Imaginary People Are More Real Than You Know
Who hasn’t laughed at the revelation that Notre Dame football star Manti Te’o had a “fake” girlfriend? I meant to spend five minutes on the subject on my radio show and ended up doing an hour and then making fun of it randomly throughout all three hours. As funny as it is, and it is pretty funny, it’s also not foreign to me.
A friend of mine (who I won’t name) has fallen for this several times. The hoaxes perpetrated against him eventually evolved to the point of fake woman needing money to get out of some horrible situation that this guy was the only one who “understood.” My friend denies ever sending money, but I suspect otherwise.
He was always secretive about the women he was “talking to” online, but he did show me a bunch of pictures on his phone once in an attempt to “prove” she was real. They were real pictures of a real woman — several pictures — but they were obviously of an unknown model from a catalog. But all the logic in the world wasn’t going to convince this guy of anything he didn’t want to believe. And he wanted to believe.
He’s finally moved into the real world (for him anyway), and is now talking with real women.
But this episode also reminded me of something from my own past, something I hadn’t thought about in nearly 10 years. No, I wasn’t taken by some fraudster online — I was the fraudster.
Fraud isn’t the right word because it conveys a criminal intent, which this wasn’t. Mine was more simply being an immature jerk — bored and wanting to see if something I thought was right.
It was somewhere around 2003 or 2004 — the heyday of MySpace and Live Journal (if those two sites had a kid it would be Facebook) — and I had a girlfriend who was into both. She told me about random people, mostly guys, who were hitting on her in messages and comments through these sites. But they weren’t just hitting on her. They were talking to her with a familiarity that most people wouldn’t even talk to their friends, and certainly not to a woman in a bar for fear of having a drink thrown in their face.
The girlfriend went away, but the curiosity over what would possess someone to contact a stranger online in a way they never would in real life didn’t. This was the time of dial-up Internet and the infancy of text messaging. Most human interaction was face to face or over the phone. Impersonal, anonymous cyber-lives hadn’t yet become common.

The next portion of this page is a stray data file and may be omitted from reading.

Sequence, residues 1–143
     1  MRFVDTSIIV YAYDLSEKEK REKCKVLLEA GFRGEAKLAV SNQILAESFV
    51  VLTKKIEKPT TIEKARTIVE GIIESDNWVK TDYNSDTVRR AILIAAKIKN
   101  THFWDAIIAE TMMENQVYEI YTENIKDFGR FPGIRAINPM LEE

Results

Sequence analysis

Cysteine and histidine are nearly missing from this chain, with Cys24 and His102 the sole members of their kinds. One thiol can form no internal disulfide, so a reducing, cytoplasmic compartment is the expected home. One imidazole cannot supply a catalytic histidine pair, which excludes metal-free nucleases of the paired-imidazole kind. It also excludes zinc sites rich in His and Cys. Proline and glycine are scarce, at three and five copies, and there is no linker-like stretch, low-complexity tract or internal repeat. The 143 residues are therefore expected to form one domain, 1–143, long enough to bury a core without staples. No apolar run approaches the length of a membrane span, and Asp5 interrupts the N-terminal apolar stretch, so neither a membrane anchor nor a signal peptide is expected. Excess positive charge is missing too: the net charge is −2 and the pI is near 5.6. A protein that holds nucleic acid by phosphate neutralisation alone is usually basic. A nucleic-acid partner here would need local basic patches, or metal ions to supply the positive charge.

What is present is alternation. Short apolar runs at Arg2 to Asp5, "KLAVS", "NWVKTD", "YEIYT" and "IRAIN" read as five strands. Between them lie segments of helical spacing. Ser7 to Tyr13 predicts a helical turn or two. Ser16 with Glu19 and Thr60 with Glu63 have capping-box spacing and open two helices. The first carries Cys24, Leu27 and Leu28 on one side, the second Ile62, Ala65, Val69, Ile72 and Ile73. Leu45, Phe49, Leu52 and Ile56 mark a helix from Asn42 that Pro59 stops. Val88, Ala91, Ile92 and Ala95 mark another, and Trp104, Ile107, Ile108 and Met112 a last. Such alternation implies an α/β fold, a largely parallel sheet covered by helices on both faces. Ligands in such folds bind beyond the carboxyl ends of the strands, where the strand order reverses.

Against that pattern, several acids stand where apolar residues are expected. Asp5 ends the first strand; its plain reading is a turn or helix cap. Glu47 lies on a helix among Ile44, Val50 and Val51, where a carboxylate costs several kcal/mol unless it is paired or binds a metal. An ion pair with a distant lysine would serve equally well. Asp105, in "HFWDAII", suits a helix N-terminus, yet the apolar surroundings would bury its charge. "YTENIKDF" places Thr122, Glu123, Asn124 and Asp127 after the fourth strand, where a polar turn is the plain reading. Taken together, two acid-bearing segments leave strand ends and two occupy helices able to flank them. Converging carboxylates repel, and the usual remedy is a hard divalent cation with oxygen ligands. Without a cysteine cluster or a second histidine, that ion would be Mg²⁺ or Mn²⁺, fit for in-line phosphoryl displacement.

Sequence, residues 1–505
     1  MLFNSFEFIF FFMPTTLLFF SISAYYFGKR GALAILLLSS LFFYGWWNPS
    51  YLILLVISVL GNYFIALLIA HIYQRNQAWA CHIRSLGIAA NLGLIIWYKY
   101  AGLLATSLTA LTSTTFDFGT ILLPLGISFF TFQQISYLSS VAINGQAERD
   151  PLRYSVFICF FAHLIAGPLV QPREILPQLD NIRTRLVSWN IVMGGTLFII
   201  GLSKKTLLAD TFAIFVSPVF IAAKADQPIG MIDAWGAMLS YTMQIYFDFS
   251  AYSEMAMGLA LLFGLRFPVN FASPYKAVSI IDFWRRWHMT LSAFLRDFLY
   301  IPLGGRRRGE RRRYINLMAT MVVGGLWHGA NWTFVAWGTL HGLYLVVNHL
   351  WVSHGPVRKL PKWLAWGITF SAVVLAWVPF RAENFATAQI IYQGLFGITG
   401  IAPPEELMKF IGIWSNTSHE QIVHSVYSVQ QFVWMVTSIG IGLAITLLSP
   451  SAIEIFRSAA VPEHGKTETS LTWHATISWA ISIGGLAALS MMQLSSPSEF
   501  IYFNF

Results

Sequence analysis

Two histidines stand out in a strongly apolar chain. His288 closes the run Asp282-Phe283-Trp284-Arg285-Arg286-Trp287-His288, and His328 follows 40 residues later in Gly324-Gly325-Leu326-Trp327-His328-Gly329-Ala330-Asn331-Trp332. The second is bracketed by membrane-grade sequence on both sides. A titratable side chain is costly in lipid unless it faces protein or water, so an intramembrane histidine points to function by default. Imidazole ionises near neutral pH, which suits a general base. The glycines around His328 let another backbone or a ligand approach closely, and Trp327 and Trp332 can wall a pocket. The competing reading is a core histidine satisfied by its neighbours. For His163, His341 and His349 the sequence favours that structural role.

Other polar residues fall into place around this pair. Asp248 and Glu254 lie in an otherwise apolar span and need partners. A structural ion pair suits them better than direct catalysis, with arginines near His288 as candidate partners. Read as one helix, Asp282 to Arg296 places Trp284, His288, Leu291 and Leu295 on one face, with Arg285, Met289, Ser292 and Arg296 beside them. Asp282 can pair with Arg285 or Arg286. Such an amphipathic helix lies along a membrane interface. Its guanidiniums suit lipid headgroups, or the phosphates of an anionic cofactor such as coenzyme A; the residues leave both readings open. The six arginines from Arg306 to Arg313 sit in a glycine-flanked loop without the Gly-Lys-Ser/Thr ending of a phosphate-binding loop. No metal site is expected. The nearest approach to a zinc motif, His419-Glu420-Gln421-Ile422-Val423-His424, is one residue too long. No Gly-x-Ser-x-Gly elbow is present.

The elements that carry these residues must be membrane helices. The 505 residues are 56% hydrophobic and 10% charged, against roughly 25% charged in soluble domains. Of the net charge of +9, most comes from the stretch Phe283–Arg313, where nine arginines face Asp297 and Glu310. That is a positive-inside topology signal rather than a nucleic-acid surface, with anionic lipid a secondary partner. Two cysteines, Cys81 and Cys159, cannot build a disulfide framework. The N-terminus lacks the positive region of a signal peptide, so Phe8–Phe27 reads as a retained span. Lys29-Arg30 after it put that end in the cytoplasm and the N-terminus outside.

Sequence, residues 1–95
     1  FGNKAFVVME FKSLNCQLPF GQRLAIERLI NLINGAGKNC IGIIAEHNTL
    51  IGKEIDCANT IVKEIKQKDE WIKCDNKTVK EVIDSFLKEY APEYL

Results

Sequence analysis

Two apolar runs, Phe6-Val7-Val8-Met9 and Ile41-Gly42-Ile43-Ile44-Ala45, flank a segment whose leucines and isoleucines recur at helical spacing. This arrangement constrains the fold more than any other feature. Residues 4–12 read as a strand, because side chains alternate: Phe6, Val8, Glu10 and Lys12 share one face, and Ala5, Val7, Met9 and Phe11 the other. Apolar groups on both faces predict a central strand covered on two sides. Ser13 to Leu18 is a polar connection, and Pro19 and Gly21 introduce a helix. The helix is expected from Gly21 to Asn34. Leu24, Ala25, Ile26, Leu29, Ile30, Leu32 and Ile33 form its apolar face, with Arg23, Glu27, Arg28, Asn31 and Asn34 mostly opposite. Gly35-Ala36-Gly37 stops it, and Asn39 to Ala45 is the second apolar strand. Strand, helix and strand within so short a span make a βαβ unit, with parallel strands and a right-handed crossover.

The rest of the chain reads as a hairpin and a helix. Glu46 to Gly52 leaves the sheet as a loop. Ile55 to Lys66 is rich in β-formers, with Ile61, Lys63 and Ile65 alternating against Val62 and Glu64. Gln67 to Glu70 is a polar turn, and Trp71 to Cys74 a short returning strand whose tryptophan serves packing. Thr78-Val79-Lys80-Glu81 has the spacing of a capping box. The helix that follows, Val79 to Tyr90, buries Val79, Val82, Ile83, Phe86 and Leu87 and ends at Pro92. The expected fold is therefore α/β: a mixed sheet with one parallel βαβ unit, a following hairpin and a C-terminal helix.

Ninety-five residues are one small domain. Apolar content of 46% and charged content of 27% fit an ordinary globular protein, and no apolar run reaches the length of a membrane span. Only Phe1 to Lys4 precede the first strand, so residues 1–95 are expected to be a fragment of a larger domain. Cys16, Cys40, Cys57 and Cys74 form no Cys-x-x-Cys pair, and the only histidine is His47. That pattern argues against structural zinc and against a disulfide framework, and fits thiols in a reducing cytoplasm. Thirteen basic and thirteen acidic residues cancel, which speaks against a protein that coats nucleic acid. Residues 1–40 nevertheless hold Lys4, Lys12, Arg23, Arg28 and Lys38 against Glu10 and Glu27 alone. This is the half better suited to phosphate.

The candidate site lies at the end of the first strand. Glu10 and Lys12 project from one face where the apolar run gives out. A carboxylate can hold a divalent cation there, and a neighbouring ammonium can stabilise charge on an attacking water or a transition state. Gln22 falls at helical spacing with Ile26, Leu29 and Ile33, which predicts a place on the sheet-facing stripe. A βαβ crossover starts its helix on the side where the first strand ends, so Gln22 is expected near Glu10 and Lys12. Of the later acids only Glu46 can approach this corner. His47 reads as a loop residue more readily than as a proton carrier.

I wondered how much someone would tell a complete stranger (one that didn’t exist) simply because they believed the Internet was real.
I found a LiveJournal of an attractive girl who posted a lot of pictures of herself, downloaded them and then, with a couple of friends, created a MySpace account. Created a name, biography, placed her in a city far away from where the real girl lived, made up likes, dislikes and interests provocative enough that they’d be what we thought of as “jackass bait.”
The friend requests rolled in, men and women. I never had a MySpace account so I had no idea “friend count” was an important thing, I naÃ¯vely thought people were friends with their, you know, friends. Nope.
Within a few days this fake person had more than 100 friends and people were posting messages on her page like, “Hey girl, thanks for being my friend.” It was easier and weirder than I thought it would be.
Then the messages started.
We made the profile bisexual to see if there was a difference between how men and women talked to someone they didn’t know. There was.
Women were very much like someone striking up a conversation with a stranger on a train. Men were like drunken frat guys walking the red light district in Amsterdam.
I’ve always been pretty quick on my feet and able to rip someone apart verbally to shut them up. That happened in these messages too.
As the unbelievably forward (to put it mildly) messages came in, my buddies and I would rip them apart, and they’d either apologize and go away or just go away. I had thoughts (and still do) of writing a book about it called “I Was An Internet Girl” because all the stories taken as a whole are hilarious, including how we actually used it quite creatively to meet women too (women trust other women, even when one isn’t real, too. And get your mind out of the gutter; it wasn’t exactly what you’re thinking).
About a month or so in we lost interest. I’d check it only occasionally, and my friends never would. What I’d thought was pretty much proven through the aggressive messages it had gotten.
But not all messages were aggressive. One time when I was checking it there was one guy who’d sent a message dripping with desperation for someone to talk to.
After a few messages it was clear he was gay, but he continually denied it. He would tell this fake person in writing things he wouldn’t confess to anyone. I wasn’t a jerk to him (I’m sure I made a few people reassess their lives with some of the mean, but funny, things I said to them in responses). I tried to help this guy become comfortable with who he was. And ultimately, he did.
It was an eye-opening experience to realize how one human being would open up to and trust another they’d never met, never spoken to on the phone and never would. How they’d do that rather than talk to someone they knew, no matter how close to them they were, either as a trail run or simply to relieve themselves of the burden of never telling anyone.
So while I, too, have difficulty believing Te’o’s story, part of me knows how it could be true. Time will tell whether it is, but to simply dismiss the possibility based on how outlandish it is would be folly. I know first-hand how trusting someone can be of a person who doesn’t exist simply because they desperately want to believe they can.
Derek Hunter is Washington, DC based writer, radio host and political strategist.: You can also stalk his thoughts 140 characters at a time on Twitter.